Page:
Figure 1b shows that while 103.8 million 15-29-year-olds were employed in Q1-2016, this number decreased by 30 percent to 72.7 million in Q4-2021. The total size of the 15-29-year-old labour force in Q1-2016 was 134.1 million; by Q4-2021, this had declined by 22 percent to 104.3 million. This shows that while 30 percent fewer 15-29-year-olds were employed in 2021 (as compared to 2016), many did not add to UEWL numbers. It is possible that they searched for a job for a few months, and then opted to exit after not getting any employment. This points to long-term unemployment.

If we compare pre- and post-pandemic periods, we can find that the number of 15-29-year-olds employed in Q4-2021 was 13 percent lower than Q4-2019 (pre-pandemic). Even the labour force (15-29) declined by 9 percent in this period.

This sharp decline in employment (and labour force) of 15-29-year-olds has been a steady phenomenon since 2016. The Covid-19 pandemic has only exacerbated a pre-existing decline.


Figure 1b


How Does Youth Employment (and Unemployment) vary across states?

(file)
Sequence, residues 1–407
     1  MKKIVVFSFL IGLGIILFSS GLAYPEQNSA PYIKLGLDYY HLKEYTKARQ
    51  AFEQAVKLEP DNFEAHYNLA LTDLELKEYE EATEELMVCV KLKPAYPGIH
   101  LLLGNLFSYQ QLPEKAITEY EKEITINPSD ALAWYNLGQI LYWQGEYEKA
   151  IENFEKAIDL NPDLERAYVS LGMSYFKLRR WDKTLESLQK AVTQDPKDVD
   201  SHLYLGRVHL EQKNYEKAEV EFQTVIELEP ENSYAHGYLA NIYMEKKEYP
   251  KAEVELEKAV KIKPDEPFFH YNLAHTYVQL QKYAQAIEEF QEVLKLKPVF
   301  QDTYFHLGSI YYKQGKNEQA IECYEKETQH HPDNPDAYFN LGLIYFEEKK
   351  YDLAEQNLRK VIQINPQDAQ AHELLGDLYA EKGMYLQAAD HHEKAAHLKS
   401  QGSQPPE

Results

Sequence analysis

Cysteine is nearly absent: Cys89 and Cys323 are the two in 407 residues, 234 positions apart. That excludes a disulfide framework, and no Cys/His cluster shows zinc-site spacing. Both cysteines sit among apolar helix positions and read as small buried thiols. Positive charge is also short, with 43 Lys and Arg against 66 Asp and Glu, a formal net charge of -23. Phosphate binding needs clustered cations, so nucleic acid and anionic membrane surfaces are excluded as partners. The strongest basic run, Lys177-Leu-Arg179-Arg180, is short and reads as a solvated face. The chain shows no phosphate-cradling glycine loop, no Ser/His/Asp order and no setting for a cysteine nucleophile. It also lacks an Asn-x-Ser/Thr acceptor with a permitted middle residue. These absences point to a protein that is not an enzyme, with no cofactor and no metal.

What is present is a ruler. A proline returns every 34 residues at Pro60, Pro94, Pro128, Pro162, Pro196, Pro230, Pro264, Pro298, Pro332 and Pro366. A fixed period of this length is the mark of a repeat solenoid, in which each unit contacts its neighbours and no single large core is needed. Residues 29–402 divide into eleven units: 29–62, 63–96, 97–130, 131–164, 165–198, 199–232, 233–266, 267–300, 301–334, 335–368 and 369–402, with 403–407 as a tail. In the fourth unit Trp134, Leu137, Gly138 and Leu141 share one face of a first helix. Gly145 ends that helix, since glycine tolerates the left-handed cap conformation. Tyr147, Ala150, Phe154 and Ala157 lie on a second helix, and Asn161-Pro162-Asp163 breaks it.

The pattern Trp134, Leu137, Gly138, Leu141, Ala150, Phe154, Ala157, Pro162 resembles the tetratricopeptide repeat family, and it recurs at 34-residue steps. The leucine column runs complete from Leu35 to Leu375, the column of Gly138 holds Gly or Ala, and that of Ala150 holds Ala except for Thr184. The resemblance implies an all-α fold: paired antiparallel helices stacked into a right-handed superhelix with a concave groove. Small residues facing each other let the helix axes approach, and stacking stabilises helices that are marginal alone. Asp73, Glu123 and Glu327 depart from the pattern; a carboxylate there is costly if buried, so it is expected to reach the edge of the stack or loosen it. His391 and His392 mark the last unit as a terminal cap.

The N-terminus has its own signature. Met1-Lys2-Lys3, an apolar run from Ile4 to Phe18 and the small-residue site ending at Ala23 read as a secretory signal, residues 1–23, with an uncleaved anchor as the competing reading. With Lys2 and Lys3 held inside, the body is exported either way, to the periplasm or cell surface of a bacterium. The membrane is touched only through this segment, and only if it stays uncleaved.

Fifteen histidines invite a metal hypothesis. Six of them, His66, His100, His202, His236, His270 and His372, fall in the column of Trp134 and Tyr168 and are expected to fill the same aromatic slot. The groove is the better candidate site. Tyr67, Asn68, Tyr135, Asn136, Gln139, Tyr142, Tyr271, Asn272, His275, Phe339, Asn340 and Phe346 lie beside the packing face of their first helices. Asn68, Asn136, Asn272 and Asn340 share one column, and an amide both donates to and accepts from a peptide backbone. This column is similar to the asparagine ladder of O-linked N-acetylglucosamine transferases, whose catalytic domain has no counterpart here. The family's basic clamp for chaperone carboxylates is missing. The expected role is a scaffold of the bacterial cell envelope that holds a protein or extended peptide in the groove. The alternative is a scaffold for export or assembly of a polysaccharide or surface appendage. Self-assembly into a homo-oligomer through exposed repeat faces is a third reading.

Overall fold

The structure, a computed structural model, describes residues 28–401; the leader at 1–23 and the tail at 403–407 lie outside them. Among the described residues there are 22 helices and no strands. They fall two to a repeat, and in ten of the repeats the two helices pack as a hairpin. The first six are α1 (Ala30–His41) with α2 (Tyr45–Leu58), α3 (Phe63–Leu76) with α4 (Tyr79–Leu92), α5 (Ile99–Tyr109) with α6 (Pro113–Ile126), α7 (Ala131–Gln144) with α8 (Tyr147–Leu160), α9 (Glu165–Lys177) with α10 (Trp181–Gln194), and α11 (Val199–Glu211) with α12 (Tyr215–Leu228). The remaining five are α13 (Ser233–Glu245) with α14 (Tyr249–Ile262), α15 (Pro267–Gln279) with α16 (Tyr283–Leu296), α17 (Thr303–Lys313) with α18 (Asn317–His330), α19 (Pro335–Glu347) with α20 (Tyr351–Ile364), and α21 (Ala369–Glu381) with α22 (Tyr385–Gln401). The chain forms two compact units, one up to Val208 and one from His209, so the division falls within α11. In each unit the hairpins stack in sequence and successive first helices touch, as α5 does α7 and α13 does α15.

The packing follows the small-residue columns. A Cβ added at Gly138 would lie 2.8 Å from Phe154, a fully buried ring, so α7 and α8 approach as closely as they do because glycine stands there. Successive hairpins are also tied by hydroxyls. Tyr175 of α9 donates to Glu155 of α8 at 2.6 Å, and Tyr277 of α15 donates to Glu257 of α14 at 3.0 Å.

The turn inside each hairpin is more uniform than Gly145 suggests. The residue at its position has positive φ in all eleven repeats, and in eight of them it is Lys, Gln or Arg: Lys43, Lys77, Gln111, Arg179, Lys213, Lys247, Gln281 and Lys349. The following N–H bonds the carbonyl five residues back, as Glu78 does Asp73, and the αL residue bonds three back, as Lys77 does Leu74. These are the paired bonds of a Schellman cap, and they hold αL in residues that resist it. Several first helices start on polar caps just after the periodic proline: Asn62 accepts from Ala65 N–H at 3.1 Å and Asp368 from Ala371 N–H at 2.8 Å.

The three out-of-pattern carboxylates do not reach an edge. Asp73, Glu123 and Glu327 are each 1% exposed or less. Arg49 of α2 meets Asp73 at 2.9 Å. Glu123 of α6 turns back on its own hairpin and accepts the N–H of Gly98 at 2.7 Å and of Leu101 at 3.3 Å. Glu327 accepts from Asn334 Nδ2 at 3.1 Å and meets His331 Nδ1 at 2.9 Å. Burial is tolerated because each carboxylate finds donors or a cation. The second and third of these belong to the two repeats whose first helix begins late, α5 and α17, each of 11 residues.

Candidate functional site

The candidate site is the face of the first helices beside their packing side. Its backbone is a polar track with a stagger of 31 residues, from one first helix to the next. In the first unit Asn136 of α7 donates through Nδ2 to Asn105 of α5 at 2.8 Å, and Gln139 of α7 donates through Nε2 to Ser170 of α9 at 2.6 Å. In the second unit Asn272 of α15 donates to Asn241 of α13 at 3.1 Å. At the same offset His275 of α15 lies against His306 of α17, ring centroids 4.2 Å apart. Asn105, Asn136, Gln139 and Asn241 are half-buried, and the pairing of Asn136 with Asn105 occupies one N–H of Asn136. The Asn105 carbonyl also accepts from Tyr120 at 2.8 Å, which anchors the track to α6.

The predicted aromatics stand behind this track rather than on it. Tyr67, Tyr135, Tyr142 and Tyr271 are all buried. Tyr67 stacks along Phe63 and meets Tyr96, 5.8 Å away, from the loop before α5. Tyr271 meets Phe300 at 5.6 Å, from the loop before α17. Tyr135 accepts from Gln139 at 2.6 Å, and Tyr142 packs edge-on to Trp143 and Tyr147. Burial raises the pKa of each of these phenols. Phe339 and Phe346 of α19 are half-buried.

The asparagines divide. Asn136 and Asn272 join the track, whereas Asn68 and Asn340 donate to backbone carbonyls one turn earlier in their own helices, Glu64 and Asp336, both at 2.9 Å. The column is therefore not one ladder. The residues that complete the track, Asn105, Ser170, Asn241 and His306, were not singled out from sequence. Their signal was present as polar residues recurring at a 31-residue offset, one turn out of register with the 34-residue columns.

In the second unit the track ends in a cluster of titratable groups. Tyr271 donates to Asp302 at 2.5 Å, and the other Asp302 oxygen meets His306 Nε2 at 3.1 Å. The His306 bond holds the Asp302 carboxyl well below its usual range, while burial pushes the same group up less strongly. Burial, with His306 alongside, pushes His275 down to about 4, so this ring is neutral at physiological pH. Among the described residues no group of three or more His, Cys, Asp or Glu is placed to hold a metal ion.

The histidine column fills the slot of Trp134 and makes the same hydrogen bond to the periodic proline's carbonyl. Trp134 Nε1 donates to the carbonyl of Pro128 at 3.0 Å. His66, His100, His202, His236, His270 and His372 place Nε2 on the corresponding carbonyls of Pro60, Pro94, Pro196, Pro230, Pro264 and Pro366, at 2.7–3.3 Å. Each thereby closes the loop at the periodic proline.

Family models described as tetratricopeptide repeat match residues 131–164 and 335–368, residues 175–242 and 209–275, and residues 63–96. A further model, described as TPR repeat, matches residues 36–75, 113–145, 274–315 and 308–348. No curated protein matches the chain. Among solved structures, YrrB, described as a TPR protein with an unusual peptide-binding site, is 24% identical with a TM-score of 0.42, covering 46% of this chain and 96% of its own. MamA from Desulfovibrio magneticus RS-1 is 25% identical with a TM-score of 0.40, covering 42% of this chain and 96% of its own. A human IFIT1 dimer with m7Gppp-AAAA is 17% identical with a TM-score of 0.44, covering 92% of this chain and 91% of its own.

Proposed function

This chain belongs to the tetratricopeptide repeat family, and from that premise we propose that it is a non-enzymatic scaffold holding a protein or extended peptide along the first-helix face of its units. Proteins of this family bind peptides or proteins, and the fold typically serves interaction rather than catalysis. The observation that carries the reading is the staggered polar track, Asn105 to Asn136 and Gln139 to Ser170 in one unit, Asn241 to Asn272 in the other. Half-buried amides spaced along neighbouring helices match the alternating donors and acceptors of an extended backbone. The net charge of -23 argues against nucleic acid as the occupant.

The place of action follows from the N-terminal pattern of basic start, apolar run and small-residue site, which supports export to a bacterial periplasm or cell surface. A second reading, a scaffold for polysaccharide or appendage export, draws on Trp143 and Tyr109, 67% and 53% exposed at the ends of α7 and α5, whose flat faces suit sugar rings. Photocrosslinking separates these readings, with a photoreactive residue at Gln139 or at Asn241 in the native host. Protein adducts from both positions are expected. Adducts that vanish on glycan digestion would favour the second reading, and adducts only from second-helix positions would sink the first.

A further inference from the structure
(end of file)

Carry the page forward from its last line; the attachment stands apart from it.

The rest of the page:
In Figure 2a we look at average monthly youth employment across 27 Indian states or Union Territories in 2019, 2020, and 2021.

In 2019, at the national level, the average monthly employment levels of those aged 15-29 was around 84.9 million. This fell by 15 percent to 71.8 million in 2020, the year the Covid-19 pandemic struck. There was a slight recovery in employment numbers to 72.6 million in the year 2021. On a year-on-year basis, this represented an increase of 1 percent. However, if we compare this to the pre-pandemic year 2019, this marks a decline of 14.5 percent. Lower employment in 2021 than the pre-pandemic period points to sluggish economic activity that provides fewer opportunities for young workers.